Update: November 17, 2020
See the bottom half of this post for more details on Smart Hair Transplants (SHT) and J.Hewitt.
The TissUse team published two interesting new studies in 2020. The first from April was related to hair growth in reconstructed human skin. The second just came out this month and discusses the microfollicle as a model of the human hair follicle.
TissUse Responses Regarding J.Hewitt
More relevant, reader “PaulR” corresponded with TissUse several weeks ago and below are their responses.
I have been interested in TissUse’s new hair cloning technology for the past few years. I am aware that J.Hewitt has a license to test this technology in Japan. I have e-mailed this company, but have not received any reply. I have a few questions about the process of this new technology.
Question 1) Are the pre-clinical tests complete for this technology? I have not read about any animal tests. Does this mean that such tests need to be completed before human trials can commence?
Answer 1) Animal tests have not been performed so far. However, animal tests are not required in Japan to initiate first in man trials if one can show solid in vitro data proofing safety of the method. Japan is unique here as other countries or regions like the US or Europe would require animal tests.
Question 2) I read online that J.Hewitt had planned on conducting a clinical trial last year. But this doesn’t seem to have happened as they cannot find a cell processing company. Do you have any information about when human trials will start? Can we expect this to happen in 2021, or are we a few more years away from trials?
Answer 2) The COVID-19 pandemic severely impacted the timeline of J.Hewitt. They are now continuing to look for a GMP manufacturing unit with the required capabilities to produce the transplants. If this is successful we believe first trials can start in 2021.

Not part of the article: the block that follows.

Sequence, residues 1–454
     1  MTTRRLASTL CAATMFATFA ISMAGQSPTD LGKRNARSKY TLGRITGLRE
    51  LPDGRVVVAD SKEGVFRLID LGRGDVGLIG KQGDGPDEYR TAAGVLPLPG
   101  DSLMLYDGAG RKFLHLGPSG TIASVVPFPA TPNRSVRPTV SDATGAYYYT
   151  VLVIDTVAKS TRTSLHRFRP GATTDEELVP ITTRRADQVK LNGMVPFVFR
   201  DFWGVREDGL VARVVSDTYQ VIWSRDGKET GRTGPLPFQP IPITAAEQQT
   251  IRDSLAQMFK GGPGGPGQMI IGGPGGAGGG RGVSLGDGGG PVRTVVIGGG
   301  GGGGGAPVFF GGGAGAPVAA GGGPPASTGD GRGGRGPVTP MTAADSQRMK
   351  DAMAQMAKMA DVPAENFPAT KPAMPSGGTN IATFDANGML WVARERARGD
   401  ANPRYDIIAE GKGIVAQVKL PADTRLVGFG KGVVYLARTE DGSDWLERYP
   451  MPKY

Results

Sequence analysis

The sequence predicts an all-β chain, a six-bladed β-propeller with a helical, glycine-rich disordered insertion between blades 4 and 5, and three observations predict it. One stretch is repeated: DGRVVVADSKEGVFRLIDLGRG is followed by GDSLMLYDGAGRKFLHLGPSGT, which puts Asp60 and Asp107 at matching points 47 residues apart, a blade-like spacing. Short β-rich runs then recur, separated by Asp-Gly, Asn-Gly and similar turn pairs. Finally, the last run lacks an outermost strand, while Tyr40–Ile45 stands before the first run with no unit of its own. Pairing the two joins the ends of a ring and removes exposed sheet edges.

Question 3) TissUse is obviously a very innovative company. Are you confident this technology can change the ways current hair transplants are conducted? Does your company see this being available to clients in Japan in the next few years, or is it 5-10 years away?
Answer 3) Japan takes a unique approach to these new cell-based therapies and is actively promoting their development. It is therefore possible that the technology can be available in Japan in the next couple of years should the clinical trials be successful. The outcome of the first clinical trial will very much define the timeline for a potential market launch.
Also of note, two months ago, I contacted TissUse too and got the below reply:
“J.Hewitt is in discussion with a couple of GMP manufacturers for the SHT technology. We expect to hear of the outcome of these talks soon. Apparently it is still difficult to find a manufacturer due to the ongoing Corona crisis but J.Hewitt definitely made some progress here.”
The TissUse Team
April 22, 2019
TissUse and J.Hewitt Partnership
Earlier this month, Germany’s TissUse entered into an agreement with Japan’s J.Hewitt that may have significant implications for hair loss sufferers. This agreement is in regards to the licensing and further development of the former’s Smart Hair Transplant (SHT) technology in Japan.
TissUse also has a press release page where you can find the story towards the top for the time being.
Among the main scientists who developed TissUse’s technology is the well known Dr. Roland Lauster. He is now on the company’s advisory board. In the past, Dr. Gerd Lindner also used to be on that list.
As has been mentioned numerous times by myself and many others over the past several years, Japan’s government is heavily promoting regenerative medicine in the rapidly aging country. One of the main ways it is doing so is via speeding up the usually lengthy and expensive clinical trial process (which is common in most developed countries).
Smart Hair Transplants
In the case of SHT, the process is autologous in nature. So clinical trials are possibly not required, or will be fairly short in duration if required.
Smart hair transplants theoretically provide unlimited donor hair. By isolating cells from the dermal papilla and then culturing and multiplying them, this procedure supposedly forms neopapillae. According to TissUse:
“Neopapillae are the precursors of hair follicles which have been shown to grow hair follicles under controlled conditions in vitro. Each of these neopapilla has the potential to form a brand new hair follicle.”